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The use of a large-scale surveillance system in Planned Parenthood Federation of America clinics to monitor cardiovascular events in users of combination oral contraceptives.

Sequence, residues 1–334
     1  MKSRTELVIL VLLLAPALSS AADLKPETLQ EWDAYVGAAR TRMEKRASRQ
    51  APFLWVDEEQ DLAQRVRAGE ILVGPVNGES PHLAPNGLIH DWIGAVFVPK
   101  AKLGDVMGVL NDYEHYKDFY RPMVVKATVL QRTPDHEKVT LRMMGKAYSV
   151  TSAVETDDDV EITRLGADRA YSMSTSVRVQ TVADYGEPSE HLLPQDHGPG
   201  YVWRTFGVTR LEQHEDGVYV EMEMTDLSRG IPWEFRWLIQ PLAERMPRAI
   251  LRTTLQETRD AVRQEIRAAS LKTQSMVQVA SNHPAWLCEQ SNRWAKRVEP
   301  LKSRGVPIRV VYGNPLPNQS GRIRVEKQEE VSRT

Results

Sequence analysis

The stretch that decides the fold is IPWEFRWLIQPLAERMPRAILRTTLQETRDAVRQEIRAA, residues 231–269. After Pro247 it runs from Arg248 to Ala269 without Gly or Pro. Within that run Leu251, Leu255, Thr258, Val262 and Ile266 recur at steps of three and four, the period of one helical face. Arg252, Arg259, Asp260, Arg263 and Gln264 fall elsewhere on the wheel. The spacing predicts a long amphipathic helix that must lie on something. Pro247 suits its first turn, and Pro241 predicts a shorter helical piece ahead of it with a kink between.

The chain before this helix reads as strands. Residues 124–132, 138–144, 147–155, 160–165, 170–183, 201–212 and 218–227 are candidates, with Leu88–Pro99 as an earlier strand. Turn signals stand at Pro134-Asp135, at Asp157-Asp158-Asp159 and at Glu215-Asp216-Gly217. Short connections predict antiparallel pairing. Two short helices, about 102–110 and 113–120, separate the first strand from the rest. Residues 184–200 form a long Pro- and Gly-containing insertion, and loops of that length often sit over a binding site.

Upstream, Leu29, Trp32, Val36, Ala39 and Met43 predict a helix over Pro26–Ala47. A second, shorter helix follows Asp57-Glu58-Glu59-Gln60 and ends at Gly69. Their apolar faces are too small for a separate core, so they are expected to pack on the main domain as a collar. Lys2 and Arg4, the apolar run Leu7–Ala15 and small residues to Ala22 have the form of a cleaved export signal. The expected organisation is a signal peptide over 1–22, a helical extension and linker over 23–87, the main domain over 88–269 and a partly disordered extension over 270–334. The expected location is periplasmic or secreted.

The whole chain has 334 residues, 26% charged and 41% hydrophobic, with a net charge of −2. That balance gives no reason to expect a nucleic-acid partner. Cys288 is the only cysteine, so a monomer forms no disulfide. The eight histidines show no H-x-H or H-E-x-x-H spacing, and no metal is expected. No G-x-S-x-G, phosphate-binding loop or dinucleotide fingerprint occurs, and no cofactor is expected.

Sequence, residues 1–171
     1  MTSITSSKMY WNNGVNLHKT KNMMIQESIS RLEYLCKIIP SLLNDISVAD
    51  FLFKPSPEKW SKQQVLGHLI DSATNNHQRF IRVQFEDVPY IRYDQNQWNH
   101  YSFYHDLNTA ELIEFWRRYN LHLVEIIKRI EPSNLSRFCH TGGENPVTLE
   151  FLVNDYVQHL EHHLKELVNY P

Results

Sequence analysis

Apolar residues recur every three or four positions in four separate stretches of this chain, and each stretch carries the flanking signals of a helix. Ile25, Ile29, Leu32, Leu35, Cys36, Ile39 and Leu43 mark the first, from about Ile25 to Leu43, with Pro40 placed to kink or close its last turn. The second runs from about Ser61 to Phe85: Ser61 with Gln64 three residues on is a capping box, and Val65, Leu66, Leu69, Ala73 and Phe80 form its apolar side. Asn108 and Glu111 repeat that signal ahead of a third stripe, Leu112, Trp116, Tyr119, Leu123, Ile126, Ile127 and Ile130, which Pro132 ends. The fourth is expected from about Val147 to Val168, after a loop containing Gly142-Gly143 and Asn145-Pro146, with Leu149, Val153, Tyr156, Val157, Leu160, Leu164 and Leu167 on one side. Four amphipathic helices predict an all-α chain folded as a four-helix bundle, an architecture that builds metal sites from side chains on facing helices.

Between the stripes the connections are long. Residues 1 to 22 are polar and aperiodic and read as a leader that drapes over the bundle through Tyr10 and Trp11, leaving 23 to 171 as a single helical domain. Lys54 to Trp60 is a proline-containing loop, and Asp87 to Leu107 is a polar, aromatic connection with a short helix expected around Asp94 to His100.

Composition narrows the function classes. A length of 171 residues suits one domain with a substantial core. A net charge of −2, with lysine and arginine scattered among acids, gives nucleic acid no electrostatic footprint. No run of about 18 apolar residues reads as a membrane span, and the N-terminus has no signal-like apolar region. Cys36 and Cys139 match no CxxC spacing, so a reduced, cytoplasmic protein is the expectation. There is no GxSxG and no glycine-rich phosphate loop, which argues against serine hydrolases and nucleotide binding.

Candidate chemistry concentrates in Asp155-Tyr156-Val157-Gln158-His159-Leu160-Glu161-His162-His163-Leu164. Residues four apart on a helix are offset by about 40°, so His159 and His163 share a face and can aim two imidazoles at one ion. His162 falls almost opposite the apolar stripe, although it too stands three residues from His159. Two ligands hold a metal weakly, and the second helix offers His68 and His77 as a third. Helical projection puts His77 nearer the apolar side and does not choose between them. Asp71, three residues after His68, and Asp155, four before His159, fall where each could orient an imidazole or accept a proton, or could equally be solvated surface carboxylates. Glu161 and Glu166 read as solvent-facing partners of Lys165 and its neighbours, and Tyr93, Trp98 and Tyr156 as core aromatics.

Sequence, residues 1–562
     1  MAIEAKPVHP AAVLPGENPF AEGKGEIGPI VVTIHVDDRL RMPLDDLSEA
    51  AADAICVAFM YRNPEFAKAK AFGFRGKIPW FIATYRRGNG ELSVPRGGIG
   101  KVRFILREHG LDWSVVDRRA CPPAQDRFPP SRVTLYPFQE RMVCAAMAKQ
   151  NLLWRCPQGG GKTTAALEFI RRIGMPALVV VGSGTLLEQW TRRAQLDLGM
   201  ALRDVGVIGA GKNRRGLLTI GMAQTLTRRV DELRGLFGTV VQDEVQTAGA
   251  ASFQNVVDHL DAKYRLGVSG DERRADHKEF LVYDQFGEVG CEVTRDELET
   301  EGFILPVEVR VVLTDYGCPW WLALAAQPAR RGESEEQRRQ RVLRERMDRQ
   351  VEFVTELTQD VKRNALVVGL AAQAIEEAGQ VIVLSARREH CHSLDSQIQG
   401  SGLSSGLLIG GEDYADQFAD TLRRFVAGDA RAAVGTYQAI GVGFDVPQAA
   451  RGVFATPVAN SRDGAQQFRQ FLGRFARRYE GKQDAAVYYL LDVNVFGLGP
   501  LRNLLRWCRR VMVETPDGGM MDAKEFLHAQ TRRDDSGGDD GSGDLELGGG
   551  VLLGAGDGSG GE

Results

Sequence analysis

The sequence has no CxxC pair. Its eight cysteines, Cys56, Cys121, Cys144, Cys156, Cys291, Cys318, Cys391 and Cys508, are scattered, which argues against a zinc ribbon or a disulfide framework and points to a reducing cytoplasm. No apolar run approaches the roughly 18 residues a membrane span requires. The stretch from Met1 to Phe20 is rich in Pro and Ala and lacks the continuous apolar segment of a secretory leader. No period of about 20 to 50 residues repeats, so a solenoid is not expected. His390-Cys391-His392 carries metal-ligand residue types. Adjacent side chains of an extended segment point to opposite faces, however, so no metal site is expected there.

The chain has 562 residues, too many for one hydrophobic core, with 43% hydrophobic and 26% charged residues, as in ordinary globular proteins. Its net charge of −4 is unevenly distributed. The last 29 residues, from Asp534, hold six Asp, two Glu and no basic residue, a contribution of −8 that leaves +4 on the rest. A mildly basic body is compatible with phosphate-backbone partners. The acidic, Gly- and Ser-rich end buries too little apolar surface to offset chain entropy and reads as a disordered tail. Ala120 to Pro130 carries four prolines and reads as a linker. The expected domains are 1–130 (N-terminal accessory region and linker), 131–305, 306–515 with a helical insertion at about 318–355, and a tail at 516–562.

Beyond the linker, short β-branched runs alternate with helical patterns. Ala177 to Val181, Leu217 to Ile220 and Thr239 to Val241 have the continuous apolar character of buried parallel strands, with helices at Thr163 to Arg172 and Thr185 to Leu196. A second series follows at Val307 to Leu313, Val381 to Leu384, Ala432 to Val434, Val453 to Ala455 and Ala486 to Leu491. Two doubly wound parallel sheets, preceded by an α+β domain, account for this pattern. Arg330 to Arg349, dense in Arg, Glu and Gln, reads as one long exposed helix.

International Journal of Fertility and Women's Medicine. 1999 Jan-Feb; 44(1):19-30.In response to studies reporting an excess of thrombotic events in women who used oral contraceptives (OCs) containing third-generation progestins, the Planned Parenthood Federation of America (PPFA) launched a retrospective review of clients at all PPFA-affiliated centers during 1993-95. During the 3-year study period, 2,265,087 woman-years of OC use were recorded in clinic drug sale records. All OCs prescribed in this period contained 30 or 35 mcg of estrogen and either norgestimate (21.0%), desogestrel (8.9%), norethindrone (46.6%), or levonorgestrel (23.6%) as the progestin. 70 major thrombotic events among clients using OCs (3 vascular complications per 100,000 woman-years of OC use) were reported to PPFA's risk management division during 1993-95; these included 25 cases of deep vein thrombosis, 20 cases of pulmonary embolism, 22 cerebrovascular accidents, and 3 myocardial infarctions. There were 5 deaths (0.22/100,000 woman-years of use), all from pulmonary emboli. The thrombotic event rates were calculated as the relative risk of complication, comparing the risk of each event for one progestin relative to the other three classes of progestins. The overall risk varied from a low of 1.895 events/100,000 woman-years for norgestimate OC users to a high of 3.969 events/100,000 woman-years for desogestrel OC users, but these differences were not statistically significant. In the progestin comparison, desogestrel users showed elevated risks for pulmonary emboli and fatalities, norgestrel use was associated with an increased risk of deep vein thrombosis, and norgestimate an increased risk of deep vein thrombosis and pulmonary embolism. Generally, these four groups of low-dose OCs appear safer than any previously published study has indicated. In part, this may reflect PPFA's careful prescribing guidelines. In addition to following US Food and Drug Administration contraindications, PPFA affiliates do not provide OCs to women over 35 years of age who smoke more than 15 cigarettes a day.